Monday, March 3, 2014

Autism Discussion Page: Copying Others! When, What, and How!

Children often copy other's behaviors. Sometimes this can be a wonderful thing, while other times the behavior is not one that needs to be repeated. A great article has been written at Autism Discussion Page about why children copy the behavior and how we can protect them.  A snippet is included below. Please visit Autism Discussion Page on Facebook to read the rest of this great article.

We have discussed how many children on the spectrum often listen, observe, and then copy the behavior of those around them when trying to “fit in”. This is commonly used by all children when trying to learn “what to do” to fit in. We watch what others are doing, then watch the reactions that those actions get from people around them. From this information we determine how we should act. The child watches what the other children are doing. If it is getting good reactions from others, then they try to copy that same behavior. All of us do that when we are in new situations for which we do not know what is expected. We first watch, then follow along.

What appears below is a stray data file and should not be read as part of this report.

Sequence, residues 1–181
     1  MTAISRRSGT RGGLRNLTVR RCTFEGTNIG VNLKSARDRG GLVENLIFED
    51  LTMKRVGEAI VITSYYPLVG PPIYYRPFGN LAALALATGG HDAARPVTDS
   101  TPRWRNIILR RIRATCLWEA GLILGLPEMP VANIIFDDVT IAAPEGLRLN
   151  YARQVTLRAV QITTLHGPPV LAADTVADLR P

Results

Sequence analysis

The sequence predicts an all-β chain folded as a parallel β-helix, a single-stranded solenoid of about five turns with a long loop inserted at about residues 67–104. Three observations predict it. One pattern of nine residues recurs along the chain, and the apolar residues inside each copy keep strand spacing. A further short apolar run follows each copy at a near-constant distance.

Unfortunately, many children on the spectrum do not know how to appraise the context of a situation to understand what behavior to copy and which not to copy. Since they do not pick up on the unwritten rules, invisible context, and thoughts and feelings of others, they do not understand the intent and social meaning of the behavior they are copying. They simply copy and imitate, without much awareness of the social meaning. If it gets them a favorable reaction, or avoids an unfavorable reaction, then it is the best they can do.

However, copying behavior without understanding it can lead the child into unintentional trouble. They often copy the behavior of the wrong children and get themselves in trouble. They often do not understand what is “good behavior” and “bad behavior”, but copy that which helps them “fit in”. This can get them into real trouble. Why do they copy the behavior of the problem children instead of the good children? 

Head on over to Autism Discussion Page now to find out the Why and more.

Heather S. works with children with behaviors on a daily basis and finds this article to be a wonderful resource.

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